Michael Drayton

(1563 - 1631 / Warwickshire / England)

Quotations

  • ''Fair stood the wind for France,
    When we our sails advance,
    Nor now to prove our chance
    Longer will tarry;''
    Michael Drayton (1563-1631), British poet. Agincourt (l. 1-4). . . Family Book of Best Loved Poems, The. David L. George, ed. (1952) Doubleday & Company.
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  • ''Upon Saint Crispin's day
    Fought was this noble fray,
    Which fame did not delay
    To England to carry.
    On when shall Englishmen
    With such acts fill a pen,
    Or England breed again
    Such a King Harry?''
    Michael Drayton (1563-1631), British poet. Agincourt (l. 113-120). . . Family Book of Best Loved Poems, The. David L. George, ed. (1952) Doubleday & Company.
  • ''No far-fetched sigh shall ever wound my breast,
    Love from mine eye a tear shall never wring,
    Nor in Ah me's my whining sonnets dressed,
    A libertine, fantastically I sing.
    My verse is the true image of my mind,
    Ever in motion, still desiring change;''
    Michael Drayton (1563-1631), British poet. Idea (sonnet 1, l. 5-10). . . The Anchor Anthology of Sixteenth Century Verse. Richard Sylvester, ed. (1974) Doubleday/Anchor É Books.
  • ''Or if no thing but death will serve thy turn,
    Still thirsting for subversion of my state,
    Do what thou canst, raze, massacre, and burn,
    Let the world see the utmost of thy hate;''
    Michael Drayton (1563-1631), British poet. Idea (sonnet 63, l. 9-12). . . Sonnet, The; an Anthology. Robert M. Bender and Charles L. Squier, eds. (1987) Washington Square Press/Pocket Books.
  • ''Since there's no help, come let us kiss and part;
    Nay, I have done, you get no more of me,
    And I am glad, yea, glad with all my heart
    That thus so cleanly I myself can free;
    Shake hands for ever, cancel all our vows,
    And when we meet at any time again,
    Be it not seen in either of our brows
    That we one jot of former love retain.''
    Michael Drayton (1563-1631), British poet. Idea (sonnet 15, l. 1-8). . . Oxford Book of Sixteenth Century Verse, The. E. K. Chambers, comp. (1932) Oxford University Press.
  • ''Dear, why should you command me to my rest,
    When now the night doth summon all to sleep?
    Methinks this time becometh lovers best;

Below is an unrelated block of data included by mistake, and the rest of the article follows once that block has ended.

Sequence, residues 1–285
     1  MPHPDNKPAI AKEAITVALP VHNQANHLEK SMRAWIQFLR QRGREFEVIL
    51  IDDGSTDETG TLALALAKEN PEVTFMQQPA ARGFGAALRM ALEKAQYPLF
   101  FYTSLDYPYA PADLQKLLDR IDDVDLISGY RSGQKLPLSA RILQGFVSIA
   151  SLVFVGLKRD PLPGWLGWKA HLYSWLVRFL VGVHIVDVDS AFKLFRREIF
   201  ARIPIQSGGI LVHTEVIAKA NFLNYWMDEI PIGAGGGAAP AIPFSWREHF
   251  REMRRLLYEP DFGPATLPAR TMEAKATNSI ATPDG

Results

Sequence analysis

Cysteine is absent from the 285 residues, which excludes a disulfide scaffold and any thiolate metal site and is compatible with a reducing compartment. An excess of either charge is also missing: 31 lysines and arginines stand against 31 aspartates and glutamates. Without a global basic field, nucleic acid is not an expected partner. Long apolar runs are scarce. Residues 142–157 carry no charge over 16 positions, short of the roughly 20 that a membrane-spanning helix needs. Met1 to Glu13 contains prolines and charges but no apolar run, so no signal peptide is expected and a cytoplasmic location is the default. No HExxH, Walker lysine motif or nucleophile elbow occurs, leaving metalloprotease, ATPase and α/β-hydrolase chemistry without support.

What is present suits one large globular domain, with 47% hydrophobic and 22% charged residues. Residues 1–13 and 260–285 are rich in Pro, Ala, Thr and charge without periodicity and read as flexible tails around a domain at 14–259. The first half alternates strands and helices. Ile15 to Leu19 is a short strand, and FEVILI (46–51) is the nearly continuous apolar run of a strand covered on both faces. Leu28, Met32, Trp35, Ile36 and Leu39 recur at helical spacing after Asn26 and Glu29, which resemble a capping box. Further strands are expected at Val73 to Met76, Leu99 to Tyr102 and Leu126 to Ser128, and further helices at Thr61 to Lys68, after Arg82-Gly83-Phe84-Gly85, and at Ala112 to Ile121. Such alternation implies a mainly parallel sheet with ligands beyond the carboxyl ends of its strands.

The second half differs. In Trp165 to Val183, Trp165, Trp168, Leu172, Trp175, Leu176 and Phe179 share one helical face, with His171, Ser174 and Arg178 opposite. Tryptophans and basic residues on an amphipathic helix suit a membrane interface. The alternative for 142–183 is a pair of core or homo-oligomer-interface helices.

Night was ordained together friends to keep.
    How happy are all other living things,
    Which though the day disjoin by several flight,
    The quiet evening yet together brings,
    And each returns unto his love at night.''
    Michael Drayton (1563-1631), British poet. Idea (sonnet-11, l. 1-8). . . Oxford Book of Sixteenth Century Verse, The. E. K. Chambers, comp. (1932) Oxford University Press.
  • ''Now if thou wouldst, when all have given him over,
    From death to life thou mightst him yet recover.''
    Michael Drayton (1563-1631), British poet. Idea (sonnet 10, l. 13-14). . . Anchor Anthology of Sixteenth-Century Verse, The. Richard S. Sylvester, ed. (1974) Doubleday Anchor Books.
  • ''An evil spirit, your beauty, haunts me still,
    Wherewith, alas! I have been long possessed,''
    Michael Drayton (1563-1631), British poet. Idea (sonnet 9, l. 1-2). . . Oxford Book of Sixteenth Century Verse, The. E. K. Chambers, comp. (1932) Oxford University Press.
  • ''To nothing fitter can I thee compare
    Than to the son of some rich pennyfather,
    Who, having now brought on his end with care,
    Leaves to his son all he had heaped together;''
    Michael Drayton (1563-1631), British poet. Idea (sonnet 8, l. 1-4). . . Oxford Book of Sixteenth Century Verse, The. E. K. Chambers, comp. (1932) Oxford University Press.
  • ''But you broke into heaven's immortal store,
    Where virtue, honor, wit, and beauty lay;
    Which taking thence you have escaped away,
    Yet stand as free as ere you did before;''
    Michael Drayton (1563-1631), British poet. Idea (sonnet 4, l. 9-12). . . Anchor Anthology of Sixteenth-Century Verse, The. Richard S. Sylvester, ed. (1974) Doubleday Anchor Books.

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Sonnet V: Nothing But No

Nothing but "No," and "Aye," and "Aye," and "No"?
How falls it out so strangely you reply?
I tell ye, Fair, I'll not be answer'd so,
With this affirming "No," denying "Aye."
I say, "I love," you slightly answer "Aye";
I say, "You love," you pule me out a "No";
I say, "I die," you echo me an "Aye";
"Save me," I cry, you sigh me out a "No";
Must woe and I have nought but "No" and "Aye"?

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